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IT business continuity and disaster recovery: Past to future
From protecting mainframes to recovering from cyberattacks, the methods for business continuity and disaster recovery have changed, but the practice remains vital.
The IT business continuity and disaster recovery profession has come a long way.
In the 1970s, much of the focus was on protecting large data centers with many mainframe system components. In the 1980s, business continuity really hit it big, with such elements as business impact analyses getting their start. Jump ahead to today's IT business continuity and disaster recovery (BC/DR), and we see a prevalence of standards and cloud-based products that can help an organization of any size be ready to recover if necessary.
In this podcast, Paul Kirvan, an IT consultant, auditor, expert in BC/DR issues and contributor to SearchDisasterRecovery, details the past, present and future of BC/DR.
Advances in technology have certainly aided IT business continuity and disaster recovery. Managed services and cloud DR are making the process easier. During a disaster, with the right product, your organization can fail over its critical operations into the cloud and work as if nothing is wrong. At the same time, the cloud is capable of putting dedicated BC/DR professionals out of work. "Cloud technologies are probably a blessing and a curse, depending on your job function," Kirvan said.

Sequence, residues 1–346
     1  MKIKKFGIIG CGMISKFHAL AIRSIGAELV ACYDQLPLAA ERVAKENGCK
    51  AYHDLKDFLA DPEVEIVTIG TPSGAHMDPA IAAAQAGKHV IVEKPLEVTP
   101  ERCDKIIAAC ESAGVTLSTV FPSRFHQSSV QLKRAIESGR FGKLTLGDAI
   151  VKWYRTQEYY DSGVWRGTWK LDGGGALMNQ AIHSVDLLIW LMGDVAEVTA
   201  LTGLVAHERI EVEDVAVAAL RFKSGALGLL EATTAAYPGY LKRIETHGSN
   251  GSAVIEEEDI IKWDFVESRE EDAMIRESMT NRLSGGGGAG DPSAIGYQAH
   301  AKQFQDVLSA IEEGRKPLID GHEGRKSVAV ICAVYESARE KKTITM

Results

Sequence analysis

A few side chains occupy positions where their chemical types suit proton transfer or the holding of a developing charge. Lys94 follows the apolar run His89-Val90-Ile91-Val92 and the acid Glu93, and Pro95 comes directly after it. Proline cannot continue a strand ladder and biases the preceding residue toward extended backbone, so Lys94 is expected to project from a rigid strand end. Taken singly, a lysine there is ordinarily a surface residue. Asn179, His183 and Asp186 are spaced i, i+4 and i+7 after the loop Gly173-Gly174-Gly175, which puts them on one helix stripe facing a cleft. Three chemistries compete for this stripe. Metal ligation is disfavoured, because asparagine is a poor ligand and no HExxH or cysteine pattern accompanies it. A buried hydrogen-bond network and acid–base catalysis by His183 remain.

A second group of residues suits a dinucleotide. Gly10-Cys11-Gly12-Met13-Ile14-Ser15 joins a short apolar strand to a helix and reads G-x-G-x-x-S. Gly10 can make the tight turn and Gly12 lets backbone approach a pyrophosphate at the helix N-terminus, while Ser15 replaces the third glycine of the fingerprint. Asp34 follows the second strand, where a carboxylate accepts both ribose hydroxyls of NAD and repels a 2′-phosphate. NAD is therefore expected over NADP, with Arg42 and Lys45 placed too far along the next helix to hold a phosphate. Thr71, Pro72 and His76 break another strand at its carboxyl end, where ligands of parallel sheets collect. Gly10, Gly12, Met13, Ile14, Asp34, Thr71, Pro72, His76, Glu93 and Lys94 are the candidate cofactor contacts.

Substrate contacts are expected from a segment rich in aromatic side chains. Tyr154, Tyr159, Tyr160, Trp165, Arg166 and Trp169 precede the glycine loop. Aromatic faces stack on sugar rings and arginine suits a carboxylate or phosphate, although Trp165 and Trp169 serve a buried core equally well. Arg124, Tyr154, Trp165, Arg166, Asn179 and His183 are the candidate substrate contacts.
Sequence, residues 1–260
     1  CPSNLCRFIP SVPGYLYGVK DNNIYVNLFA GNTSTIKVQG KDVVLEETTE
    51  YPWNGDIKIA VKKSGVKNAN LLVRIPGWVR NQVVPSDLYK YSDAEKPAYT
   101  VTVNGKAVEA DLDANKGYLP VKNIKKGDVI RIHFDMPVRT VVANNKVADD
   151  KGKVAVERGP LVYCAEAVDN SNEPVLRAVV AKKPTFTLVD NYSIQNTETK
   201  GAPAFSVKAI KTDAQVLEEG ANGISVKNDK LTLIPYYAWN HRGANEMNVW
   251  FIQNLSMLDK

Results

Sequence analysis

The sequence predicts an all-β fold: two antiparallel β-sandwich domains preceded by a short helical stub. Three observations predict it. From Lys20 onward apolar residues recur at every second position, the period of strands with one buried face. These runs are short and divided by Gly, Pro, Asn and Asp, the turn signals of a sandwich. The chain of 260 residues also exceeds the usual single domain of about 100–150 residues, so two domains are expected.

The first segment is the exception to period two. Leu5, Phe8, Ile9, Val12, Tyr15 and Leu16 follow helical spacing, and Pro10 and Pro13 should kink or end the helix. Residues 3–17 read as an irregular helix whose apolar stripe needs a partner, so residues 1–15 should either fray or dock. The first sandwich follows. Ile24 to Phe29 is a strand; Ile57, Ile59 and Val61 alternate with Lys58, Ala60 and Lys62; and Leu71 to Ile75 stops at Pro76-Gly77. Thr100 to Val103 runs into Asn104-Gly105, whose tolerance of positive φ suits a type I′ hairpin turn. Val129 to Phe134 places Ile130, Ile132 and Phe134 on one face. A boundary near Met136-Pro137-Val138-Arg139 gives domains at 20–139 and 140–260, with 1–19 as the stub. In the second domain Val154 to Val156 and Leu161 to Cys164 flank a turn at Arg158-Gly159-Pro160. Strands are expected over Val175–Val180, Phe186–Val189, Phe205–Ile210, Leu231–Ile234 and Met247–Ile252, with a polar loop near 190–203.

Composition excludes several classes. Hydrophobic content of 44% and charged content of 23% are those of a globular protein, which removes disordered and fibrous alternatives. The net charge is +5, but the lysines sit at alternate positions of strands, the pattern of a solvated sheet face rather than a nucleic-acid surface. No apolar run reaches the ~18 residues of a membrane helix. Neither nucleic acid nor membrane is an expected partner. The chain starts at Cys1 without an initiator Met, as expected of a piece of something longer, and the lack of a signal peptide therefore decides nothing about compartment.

And as technology has improved, the volume and force of possible disasters and attacks on business have increased. Cyberattacks especially have intensified recently with the pervasiveness of ransomware. Small businesses especially need to be wary of ransomware, as one attack on an organization that's not ready can be the end of that company. It's now more important than ever for all organizations to have some sort of IT business continuity and disaster recovery plan.
Interested in learning more about the history of BC/DR, how it has evolved and what organizations are doing now to ensure they can bounce back from an incident? This podcast and the transcript below will give you a window into the important issues.
Editor's note: The following transcript has been edited for clarity and condensed.
How would you sum up the last year in BC/DR?
Paul Kirvan: I believe the profession is continuing to be accepted as a part of managing an organization. Small to medium businesses still have a hard time justifying BC and DR, unless a disruptive event forces them to implement a program. However, larger firms continue to accept the importance and value of BC/DR.